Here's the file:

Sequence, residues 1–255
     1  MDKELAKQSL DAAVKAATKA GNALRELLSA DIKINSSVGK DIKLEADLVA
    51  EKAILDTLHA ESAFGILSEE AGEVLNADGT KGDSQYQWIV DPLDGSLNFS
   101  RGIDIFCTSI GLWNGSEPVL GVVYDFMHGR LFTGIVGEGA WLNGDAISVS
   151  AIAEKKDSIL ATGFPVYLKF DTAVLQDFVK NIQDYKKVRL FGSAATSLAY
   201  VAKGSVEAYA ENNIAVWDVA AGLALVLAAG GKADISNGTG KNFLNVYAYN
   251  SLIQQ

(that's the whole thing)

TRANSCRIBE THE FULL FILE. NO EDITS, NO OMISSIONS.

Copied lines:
Sequence, residues 1–255
     1  MDKELAKQSL DAAVKAATKA GNALRELLSA DIKINSSVGK DIKLEADLVA
    51  EKAILDTLHA ESAFGILSEE AGEVLNADGT KGDSQYQWIV DPLDGSLNFS
   101  RGIDIFCTSI GLWNGSEPVL GVVYDFMHGR LFTGIVGEGA WLNGDAISVS
   151  AIAEKKDSIL ATGFPVYLKF DTAVLQDFVK NIQDYKKVRL FGSAATSLAY
   201  VAKGSVEAYA ENNIAVWDVA AGLALVLAAG GKADISNGTG KNFLNVYAYN
   251  SLIQQ